Outlook improves on costs of childcare

Tony Blair, the Labour leader, set women's hearts a-flutter recently. In an interview in this month's She magazine, Mr Blair, husband of a working mother, said tax relief on childcare was ``one of the things we are looking at''.

Here is a politician who can spot a vote-winner. Parents who use a full- time nanny resent paying their employee out of their taxed income. National insurance contributions alone come to over £1,000 for a nanny paid £200 a week.

Before the ranks of executive parents get too excited about the possibility of income tax relief on their childcare costs, it has to be said this is not a firm Labour Party commitment. Nor is it a high priority.

Tax relief would benefit the middle classes earning enough to hire a nanny at all, and would amount to a tax break of £2,000-£4,000 a year depending on the parent's tax rate. It simply has not been ruled out at this stage.

The good news is that the party has said childcare is a central question. Gordon Brown, shadow Chancellor, said: ``Childcare is, in my view, an integral part of the economic infrastructure, just as transport and health are.'' He sees improving the quality of early care as part of the party's programme of investing in skills and training, and stresses the economic returns promised.

Britain lags behind other industrial countries. It has the lowest proportion of state-funded childcare in the EU: 95 per cent of French toddlers are offered places in the coles maternelles, while at the other extreme only 35 per cent of British children get any kind of playgroup or nursery place.

The sole benefit the state offers at the moment is tax exemption on workplace nurseries, introduced in the 1990 Budget. The employer gets a deduction against taxable profits, and the employee does not pay tax on the benefit. Which is fine as far as it goes, but there are only a few hundred such nurseries in the UK. The cost to the Exchequer is minuscule.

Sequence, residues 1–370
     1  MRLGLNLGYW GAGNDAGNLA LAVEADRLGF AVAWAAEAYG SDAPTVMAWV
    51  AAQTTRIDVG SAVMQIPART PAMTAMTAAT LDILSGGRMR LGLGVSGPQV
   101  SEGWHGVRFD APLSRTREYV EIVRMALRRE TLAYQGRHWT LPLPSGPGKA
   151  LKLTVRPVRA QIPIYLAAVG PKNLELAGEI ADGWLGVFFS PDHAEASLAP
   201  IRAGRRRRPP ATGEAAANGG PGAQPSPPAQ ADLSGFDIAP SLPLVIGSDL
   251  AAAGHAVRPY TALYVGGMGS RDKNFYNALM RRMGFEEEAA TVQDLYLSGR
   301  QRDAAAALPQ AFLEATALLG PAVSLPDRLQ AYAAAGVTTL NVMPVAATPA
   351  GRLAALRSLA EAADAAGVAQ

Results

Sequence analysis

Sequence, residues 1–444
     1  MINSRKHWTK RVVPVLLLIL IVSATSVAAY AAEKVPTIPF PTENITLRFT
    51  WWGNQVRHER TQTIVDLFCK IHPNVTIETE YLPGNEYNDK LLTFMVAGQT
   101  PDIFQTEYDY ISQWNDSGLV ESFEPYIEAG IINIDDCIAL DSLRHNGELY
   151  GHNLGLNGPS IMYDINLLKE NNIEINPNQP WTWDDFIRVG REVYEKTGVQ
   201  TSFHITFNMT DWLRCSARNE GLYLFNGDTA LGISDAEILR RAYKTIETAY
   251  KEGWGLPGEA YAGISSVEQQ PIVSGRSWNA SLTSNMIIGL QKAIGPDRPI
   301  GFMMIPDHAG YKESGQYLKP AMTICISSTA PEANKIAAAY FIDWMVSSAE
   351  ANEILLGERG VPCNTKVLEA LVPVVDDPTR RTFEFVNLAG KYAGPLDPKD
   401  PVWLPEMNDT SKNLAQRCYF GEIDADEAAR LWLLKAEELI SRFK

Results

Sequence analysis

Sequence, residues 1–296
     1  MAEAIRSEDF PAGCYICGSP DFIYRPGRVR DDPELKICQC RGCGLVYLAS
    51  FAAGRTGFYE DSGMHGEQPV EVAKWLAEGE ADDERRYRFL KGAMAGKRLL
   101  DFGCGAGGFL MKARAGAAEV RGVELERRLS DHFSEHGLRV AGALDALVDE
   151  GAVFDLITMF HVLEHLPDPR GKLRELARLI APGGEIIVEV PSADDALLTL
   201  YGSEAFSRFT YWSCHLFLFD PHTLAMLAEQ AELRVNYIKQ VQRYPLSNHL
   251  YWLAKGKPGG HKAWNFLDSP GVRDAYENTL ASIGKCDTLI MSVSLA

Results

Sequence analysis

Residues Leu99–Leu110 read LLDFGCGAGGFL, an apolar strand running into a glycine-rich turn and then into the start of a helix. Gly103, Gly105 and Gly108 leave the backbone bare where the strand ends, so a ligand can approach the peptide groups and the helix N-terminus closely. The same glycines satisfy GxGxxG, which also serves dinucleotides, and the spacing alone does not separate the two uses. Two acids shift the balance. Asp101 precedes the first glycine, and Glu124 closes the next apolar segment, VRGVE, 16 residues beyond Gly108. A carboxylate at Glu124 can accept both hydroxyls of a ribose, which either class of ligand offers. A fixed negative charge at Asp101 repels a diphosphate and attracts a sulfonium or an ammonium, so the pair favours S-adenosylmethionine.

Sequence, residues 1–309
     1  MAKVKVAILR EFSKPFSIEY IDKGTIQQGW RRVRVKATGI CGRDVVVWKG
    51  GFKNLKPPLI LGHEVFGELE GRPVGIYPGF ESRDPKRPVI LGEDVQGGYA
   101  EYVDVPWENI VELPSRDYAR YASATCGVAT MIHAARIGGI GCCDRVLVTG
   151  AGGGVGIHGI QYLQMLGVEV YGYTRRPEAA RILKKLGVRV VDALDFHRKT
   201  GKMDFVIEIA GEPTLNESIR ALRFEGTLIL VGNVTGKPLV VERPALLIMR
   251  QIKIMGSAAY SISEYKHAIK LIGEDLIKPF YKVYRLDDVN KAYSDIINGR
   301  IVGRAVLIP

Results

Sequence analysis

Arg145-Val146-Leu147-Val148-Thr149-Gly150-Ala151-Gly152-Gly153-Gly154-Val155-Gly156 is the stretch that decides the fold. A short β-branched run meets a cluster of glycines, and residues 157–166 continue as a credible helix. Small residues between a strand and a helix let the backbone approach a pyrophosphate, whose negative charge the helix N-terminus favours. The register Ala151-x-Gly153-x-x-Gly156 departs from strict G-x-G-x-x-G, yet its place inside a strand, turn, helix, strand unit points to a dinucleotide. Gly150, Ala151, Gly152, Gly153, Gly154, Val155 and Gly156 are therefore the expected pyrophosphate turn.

Glenn Leitch, a tax partner at accountancy firm Ernst & Young, believes tax relief would be the most helpful change for higher-earning working mothers, but points out the Inland Revenue would worry about abuse of such an allowance.

``An easier policy might be to extend the principle of the workplace nursery exemption, and allow tax benefits if the employer made a contribution to the cost of a nursery outside the workplace,'' he said.

Recognition of the need for some improvement in childcare provision and affordability is bipartisan. However, only Labour has laid out its wares (see below).

It is no surprise that Labour is most concerned to help women from low- income families back to work. Despite the success of family credit in alleviating the poverty trap for some families, many women are still in effect barred from work by the withdrawal of benefits once they start earning.

Even though this is the priority, however, all would-be working mothers can draw comfort from politicians' growing recognition of their childcare problems.

The author is Economics Correspondent.

LABOUR'S CHILDCARE POLICIES

l Benefit system to stop withdrawal of benefits for low-income parents. Probably a ``working parents' disregard'' - income allowance for second earner in assessing benefit entitlement.

l Promote creation of new nurseries and after-school schemes through incentives for public-private partnerships.

l Give non-working mothers access to Re-Employment Scheme, Jobclubs, training schemes.

l Considering a range of other policies to make it financially worthwhile for at-home parent to go out to work - including tax relief.

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